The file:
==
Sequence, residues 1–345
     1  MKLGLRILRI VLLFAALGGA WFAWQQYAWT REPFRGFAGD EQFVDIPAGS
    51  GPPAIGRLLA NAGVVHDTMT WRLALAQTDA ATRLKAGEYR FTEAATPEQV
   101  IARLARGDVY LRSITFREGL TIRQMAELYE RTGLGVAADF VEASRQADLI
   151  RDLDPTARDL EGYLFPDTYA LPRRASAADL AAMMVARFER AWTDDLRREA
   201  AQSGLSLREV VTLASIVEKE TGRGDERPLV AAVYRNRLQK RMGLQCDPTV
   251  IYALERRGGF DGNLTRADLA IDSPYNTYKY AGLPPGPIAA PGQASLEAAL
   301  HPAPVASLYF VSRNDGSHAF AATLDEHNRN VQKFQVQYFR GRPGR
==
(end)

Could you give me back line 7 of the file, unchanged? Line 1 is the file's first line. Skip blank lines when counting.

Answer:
   251  IYALERRGGF DGNLTRADLA IDSPYNTYKY AGLPPGPIAA PGQASLEAAL